Apologies for the slight delay in blogging. It’s been a whirlwind few days here at the GLA Moshi home base.
Our final days were spent time saying goodbye to the children at the Himo-Korona School as well as our local host families here in Rau Village.
On our very last full day together we hiked up to a pair of waterfalls in the foothills of Mt Kilimanjaro, and that evening had a bonfire and a hilarious talent show back at home. We also spent time reflecting on our time together here in Tanzania and shared with one another the tremendous things we’ve seen, done and learned together. Everyone agreed that this has been the best three weeks of their life and that they feel like they’ve learned a lot about themselves and about the world around them.
Many people shared how they’re seeing the world very differently after this experience and that they’re really looking forward to sharing their stories and applying their experiences to their lives at home.
After our tearful goodbyes at the airport, the program staff spent the evening watching the final World Cup game on a giant outdoor tv screen in Moshi. For us, it was a bittersweet farewell. We are sad to see you go, but we’re really stoked to hear all your stories and share in your triumphs as you venture forth to change the world. We are confident that you’ll be great leaders and we feel proud and privileged to have shared a small part of your journey.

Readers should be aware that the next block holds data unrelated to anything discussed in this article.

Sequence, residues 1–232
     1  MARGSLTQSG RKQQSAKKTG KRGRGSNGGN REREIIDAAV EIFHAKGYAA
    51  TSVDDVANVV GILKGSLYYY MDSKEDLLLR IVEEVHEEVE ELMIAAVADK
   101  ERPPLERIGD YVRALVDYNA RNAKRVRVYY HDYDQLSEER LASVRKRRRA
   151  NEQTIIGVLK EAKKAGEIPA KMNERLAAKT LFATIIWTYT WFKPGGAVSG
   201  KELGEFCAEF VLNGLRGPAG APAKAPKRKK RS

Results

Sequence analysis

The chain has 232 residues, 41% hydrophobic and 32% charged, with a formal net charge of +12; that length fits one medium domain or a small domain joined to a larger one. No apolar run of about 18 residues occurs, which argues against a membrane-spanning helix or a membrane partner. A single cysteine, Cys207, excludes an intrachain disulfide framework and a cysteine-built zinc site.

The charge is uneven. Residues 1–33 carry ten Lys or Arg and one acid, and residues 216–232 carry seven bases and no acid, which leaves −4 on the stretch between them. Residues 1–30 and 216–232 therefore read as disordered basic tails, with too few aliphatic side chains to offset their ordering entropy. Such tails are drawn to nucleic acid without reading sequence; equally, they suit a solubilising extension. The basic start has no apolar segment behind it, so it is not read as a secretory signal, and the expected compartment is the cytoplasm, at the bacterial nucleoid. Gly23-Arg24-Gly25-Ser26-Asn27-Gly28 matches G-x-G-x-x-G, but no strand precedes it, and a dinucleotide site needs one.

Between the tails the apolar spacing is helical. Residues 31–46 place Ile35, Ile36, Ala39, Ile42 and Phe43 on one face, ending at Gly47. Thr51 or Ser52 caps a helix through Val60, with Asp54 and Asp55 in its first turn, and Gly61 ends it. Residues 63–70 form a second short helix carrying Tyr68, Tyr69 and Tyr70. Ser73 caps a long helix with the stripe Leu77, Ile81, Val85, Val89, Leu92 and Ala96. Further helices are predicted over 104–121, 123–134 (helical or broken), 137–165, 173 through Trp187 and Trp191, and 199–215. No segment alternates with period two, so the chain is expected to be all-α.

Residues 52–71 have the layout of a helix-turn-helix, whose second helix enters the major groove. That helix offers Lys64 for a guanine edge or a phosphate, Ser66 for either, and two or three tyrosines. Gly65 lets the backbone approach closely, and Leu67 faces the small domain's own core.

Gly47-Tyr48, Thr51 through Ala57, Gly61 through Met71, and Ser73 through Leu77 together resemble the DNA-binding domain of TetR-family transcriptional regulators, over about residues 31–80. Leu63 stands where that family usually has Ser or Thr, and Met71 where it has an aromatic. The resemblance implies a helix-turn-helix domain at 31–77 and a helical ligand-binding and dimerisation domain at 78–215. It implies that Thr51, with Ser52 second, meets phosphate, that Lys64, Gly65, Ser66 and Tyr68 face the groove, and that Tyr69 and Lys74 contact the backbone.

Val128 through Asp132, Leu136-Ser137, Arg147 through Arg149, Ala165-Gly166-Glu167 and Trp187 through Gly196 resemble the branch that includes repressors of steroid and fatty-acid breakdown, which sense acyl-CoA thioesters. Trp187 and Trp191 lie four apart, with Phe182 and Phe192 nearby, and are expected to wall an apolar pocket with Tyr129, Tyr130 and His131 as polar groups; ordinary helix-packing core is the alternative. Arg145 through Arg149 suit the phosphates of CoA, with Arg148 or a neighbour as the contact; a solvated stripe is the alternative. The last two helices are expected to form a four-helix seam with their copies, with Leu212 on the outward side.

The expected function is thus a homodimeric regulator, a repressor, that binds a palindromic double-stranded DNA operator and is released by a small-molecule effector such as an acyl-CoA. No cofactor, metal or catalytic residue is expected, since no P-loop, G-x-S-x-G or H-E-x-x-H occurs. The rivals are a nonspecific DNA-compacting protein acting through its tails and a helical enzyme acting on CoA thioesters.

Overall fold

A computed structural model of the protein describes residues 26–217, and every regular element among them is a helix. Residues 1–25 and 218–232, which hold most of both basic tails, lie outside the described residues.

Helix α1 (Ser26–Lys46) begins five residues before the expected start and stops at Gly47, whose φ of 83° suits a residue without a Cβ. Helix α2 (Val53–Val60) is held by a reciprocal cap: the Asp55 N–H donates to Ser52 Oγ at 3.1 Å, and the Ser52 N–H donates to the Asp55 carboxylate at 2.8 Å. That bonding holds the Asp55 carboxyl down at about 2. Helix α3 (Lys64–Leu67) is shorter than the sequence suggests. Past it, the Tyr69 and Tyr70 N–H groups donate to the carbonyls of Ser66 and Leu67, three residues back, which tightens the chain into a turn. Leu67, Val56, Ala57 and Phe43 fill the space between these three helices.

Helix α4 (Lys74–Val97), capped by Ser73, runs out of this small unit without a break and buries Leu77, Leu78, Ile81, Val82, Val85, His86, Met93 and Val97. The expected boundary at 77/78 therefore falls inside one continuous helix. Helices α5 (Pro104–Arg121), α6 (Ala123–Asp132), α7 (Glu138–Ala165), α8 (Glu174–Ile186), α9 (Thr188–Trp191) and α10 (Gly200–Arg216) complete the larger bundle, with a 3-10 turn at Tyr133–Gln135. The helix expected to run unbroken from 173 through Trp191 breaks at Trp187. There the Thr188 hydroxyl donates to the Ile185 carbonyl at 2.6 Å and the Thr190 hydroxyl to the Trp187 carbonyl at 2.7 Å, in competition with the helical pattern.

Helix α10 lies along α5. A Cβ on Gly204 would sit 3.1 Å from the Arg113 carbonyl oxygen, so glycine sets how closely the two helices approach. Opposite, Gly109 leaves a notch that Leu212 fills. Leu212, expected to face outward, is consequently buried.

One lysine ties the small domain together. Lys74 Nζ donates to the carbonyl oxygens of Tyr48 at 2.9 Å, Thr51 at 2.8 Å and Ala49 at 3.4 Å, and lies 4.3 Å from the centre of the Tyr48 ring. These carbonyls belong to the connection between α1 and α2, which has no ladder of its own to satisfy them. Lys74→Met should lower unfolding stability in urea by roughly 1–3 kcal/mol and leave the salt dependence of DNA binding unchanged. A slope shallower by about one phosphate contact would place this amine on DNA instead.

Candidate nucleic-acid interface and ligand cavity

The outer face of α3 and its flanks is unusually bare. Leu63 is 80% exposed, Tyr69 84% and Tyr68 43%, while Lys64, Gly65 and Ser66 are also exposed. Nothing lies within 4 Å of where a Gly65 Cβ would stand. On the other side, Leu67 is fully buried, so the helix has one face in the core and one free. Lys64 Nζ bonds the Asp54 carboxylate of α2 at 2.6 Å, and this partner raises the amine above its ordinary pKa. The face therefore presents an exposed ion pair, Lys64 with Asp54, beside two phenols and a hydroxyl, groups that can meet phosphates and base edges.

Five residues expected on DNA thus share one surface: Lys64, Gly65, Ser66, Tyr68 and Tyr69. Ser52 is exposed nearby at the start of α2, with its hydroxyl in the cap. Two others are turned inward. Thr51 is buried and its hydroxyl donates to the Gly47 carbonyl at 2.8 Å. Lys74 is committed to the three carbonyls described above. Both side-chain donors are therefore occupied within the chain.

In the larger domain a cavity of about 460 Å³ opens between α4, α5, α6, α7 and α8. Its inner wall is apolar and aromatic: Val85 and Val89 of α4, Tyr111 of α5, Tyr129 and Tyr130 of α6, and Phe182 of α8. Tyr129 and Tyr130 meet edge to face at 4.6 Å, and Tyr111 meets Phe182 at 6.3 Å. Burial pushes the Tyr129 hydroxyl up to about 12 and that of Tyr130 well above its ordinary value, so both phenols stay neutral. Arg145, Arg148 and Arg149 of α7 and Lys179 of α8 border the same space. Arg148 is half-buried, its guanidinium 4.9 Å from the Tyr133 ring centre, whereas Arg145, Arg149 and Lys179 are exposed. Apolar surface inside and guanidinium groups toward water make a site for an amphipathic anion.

We wish you all the best and hope you’ll keep in touch. We love you guys.
–the entire Moshi team
We’re Coming Home
All students are set to depart and head home from Tanzania!
Beginning Our Last Days
Our day began like every other: we taught the kids and had 40 minutes of play time followed by an hour of tree planting. We planted 75 trees and carried what seemed like thousands of buckets of water today. The children at the school were kind enough to help with the heavy loads.
After another delicious lunch, half of us went to visit Tuleeni orphanage and half stayed home to help with dinner.
The orphanage is a small, but welcoming atmosphere. We had a brief tour of the rooms and then gathered to play games. The kids taught us some fun ones and we returned the favor with games of our own. We spent time playing and talking with the enthusiastic and friendly kids and then they put on an amazing acrobatic act for us. It blew our minds how skillful they were without any coaching. We chatted with the caretakers of the orphanage until it was time to head home to a great dinner prepared by the other half of our group.